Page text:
Since radius is raised to the fourth power, its importance in determining resistance is paramount. A 20% increase in radius leads to a doubling in flow if all other variables are constant. Or as another example, resistance is 16 times greater in a coronary artery with a diameter of 2 mm (e.g. a distal obtuse marginal) than in a coronary artery with a diameter of 4 mm (e.g. the proximal left anterior descending).

Viscosity is also important in determining resistance (commonly abbreviated as [eta] and has units of poise = dyne s/[cm.sup.2]). It is difficult to measure directly and thus is commonly reported as relative to water. The viscosity of plasma is 1.7 x viscosity of water and viscosity of blood is 3-4 x viscosity of water, the difference being due to blood cells and particularly hematocrit.

It is important to note that Poiseuille's law only provides an approximation of resistance when used in blood vessels. The four important assumptions underlying the derivation of this equation are: (1) the viscosity of the fluid is unchanging over time or space; (2) the tube is rigid and cylindrical; (3) length of the tube greatly exceeds diameter; and (4) flow is steady, nonpulsatile, and nonturbulent. Many of these assumptions are violated when this equation is applied to blood flow in the body. Poiseuille's law is important, however, as it indicates the variables that are determinants of resistance to flow.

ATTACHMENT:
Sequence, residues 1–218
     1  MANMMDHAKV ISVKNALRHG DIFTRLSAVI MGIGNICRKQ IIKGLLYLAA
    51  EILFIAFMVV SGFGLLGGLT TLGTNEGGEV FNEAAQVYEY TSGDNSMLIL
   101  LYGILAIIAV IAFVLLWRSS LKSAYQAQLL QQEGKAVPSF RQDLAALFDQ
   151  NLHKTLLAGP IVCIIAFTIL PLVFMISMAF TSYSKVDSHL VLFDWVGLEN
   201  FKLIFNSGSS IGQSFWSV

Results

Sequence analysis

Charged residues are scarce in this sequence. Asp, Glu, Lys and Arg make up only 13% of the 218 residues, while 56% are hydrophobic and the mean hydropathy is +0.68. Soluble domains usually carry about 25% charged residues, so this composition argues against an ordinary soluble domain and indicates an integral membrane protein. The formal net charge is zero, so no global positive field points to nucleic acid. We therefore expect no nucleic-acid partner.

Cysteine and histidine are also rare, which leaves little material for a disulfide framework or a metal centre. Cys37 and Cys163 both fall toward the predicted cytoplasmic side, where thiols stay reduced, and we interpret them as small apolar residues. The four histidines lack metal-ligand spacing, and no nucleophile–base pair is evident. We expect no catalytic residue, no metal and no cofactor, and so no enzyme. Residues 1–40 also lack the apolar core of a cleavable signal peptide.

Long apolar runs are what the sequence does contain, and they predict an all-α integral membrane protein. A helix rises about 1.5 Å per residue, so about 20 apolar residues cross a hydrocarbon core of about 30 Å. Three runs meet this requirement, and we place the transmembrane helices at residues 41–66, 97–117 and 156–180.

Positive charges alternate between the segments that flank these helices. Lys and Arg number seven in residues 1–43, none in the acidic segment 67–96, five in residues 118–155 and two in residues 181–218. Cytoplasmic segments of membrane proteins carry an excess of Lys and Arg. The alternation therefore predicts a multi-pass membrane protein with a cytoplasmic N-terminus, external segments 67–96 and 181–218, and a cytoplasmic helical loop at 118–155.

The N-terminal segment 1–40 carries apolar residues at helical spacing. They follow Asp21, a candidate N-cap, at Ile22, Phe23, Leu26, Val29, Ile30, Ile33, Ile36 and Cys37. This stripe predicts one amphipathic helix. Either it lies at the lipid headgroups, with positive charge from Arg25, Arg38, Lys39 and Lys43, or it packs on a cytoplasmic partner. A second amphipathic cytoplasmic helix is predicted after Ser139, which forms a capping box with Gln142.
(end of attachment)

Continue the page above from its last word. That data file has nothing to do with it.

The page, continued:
In the mammalian circulation, resistance is greatest at the level of the arterioles. While radius of a typical capillary is smaller than the radius of an arteriole, the number of capillaries greatly exceeds the number of arterioles, and thus the effective area is much larger. Also of importance is that arteriolar resistance can be regulated (capillaries have no smooth muscle and thus resistance cannot be regulated at that level). This enables rapid changes in vascular resistance to maintain blood pressure (e.g. in hypovolemic shock) and also enables regulation of blood flow to various organs (i.e. autoregulation). A general principle to remember is that reduction of arteriolar resistance decreases SVR resulting in an increased cardiac output while decreasing pressure proximal to the arterioles and increasing pressure distal to the arterioles.

4. Reynold's number can be used to determine whether flow is laminar or turbulent